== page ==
In case one thinks this is just for three or four websites, the research measurements showed that from the top 10k websites (as per Tranco), roughly 1,100 are storing user passwords in plain text form within the HTML DOM. Another 7,300 websites from the same set were deemed vulnerable to DOM API access and direct extraction of the user's input value.
The researchers explain that the problem concerns the systemic practice of giving browser extensions unrestricted access to the DOM tree of sites they load on, which allows accessing potentially sensitive elements such as user input fields. Given the lack of any security boundary between the extension and a site's elements, the former has unrestricted access to data visible in the source code and may extract any of its contents.
It certainly needs a fix, and the vulnerability lies with a user installing an extension that deliberately exploits this weakness. So only using reputable extensions will help. But certainly, two other improvements are needed: The Manifest V3 protocol (that many Chromium-based browsers adopted, not just Chrome itself), should have some security boundary between the extensions and the web pages, and of course most importantly, websites should not be storing their passwords in the HTML DOM in plain text.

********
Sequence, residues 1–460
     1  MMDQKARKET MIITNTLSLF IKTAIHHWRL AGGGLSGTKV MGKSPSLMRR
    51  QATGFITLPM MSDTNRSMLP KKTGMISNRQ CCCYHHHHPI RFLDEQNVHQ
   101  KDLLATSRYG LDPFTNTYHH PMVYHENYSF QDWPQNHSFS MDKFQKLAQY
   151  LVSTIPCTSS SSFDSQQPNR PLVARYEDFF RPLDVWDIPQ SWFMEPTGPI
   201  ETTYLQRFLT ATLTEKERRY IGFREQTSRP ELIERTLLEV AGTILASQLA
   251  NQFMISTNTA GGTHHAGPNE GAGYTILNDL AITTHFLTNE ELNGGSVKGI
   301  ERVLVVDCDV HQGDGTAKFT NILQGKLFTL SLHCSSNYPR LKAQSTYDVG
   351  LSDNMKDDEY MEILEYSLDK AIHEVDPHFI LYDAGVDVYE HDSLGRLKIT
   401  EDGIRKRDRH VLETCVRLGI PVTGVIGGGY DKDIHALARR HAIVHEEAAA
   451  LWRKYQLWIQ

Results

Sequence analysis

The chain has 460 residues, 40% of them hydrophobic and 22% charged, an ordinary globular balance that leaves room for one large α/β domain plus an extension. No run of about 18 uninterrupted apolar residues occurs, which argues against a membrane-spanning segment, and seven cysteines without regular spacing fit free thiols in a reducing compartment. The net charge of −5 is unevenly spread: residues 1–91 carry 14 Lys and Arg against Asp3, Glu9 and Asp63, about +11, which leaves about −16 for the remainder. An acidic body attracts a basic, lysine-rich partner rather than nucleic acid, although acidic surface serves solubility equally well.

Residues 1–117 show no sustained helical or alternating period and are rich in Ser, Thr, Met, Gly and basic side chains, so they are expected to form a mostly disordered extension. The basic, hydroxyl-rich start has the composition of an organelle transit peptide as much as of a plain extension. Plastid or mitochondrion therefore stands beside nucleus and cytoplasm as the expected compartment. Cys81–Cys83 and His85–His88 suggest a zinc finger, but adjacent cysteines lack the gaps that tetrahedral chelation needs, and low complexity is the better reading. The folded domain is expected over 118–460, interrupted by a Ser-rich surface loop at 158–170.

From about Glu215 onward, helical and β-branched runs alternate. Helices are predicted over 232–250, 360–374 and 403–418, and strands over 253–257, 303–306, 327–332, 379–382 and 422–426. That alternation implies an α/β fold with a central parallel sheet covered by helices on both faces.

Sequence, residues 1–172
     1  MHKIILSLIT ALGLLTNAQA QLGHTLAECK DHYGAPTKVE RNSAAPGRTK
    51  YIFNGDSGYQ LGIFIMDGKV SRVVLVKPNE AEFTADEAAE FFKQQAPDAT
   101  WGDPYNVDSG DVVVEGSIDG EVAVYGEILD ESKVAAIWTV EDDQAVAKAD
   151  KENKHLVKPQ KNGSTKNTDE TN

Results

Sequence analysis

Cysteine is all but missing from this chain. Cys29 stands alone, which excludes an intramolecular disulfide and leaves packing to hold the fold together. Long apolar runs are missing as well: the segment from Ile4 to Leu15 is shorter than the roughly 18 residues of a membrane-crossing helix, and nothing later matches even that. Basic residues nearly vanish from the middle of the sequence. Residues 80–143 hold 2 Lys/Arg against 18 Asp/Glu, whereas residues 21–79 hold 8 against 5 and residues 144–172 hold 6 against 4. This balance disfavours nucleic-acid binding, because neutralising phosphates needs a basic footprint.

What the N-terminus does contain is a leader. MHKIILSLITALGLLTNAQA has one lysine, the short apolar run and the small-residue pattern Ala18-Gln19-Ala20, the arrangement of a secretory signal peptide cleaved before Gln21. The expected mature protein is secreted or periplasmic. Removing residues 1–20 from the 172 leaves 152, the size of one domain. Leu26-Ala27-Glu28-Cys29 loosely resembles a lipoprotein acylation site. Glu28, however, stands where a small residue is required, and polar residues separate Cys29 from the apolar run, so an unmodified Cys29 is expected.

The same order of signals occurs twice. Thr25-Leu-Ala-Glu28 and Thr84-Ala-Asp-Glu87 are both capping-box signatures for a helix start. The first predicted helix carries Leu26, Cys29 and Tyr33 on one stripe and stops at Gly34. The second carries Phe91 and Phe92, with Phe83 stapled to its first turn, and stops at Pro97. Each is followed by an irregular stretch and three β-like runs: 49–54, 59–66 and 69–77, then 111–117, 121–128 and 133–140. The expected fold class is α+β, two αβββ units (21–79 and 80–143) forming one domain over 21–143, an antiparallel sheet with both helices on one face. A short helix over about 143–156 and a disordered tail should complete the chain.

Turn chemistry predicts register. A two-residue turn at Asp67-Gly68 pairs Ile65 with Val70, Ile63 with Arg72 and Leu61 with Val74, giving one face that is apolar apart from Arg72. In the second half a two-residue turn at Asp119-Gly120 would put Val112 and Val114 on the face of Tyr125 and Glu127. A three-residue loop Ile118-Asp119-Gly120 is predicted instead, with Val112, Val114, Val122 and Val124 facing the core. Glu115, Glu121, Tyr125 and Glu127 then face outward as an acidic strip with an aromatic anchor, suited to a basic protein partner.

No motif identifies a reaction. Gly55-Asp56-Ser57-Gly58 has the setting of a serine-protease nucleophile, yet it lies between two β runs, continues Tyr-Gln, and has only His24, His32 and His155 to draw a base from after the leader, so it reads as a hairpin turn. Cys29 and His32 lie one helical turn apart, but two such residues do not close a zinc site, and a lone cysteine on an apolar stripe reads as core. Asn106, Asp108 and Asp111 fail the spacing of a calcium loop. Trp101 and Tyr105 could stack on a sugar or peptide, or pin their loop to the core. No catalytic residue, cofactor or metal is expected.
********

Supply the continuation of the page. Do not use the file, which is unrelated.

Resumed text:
See Chrome extensions can steal plaintext passwords from websites
A team of researchers from the University of Wisconsin-Madison has uploaded to the Chrome Web Store a proof-of-concept extension that can steal plaintext passwords from a website's source code.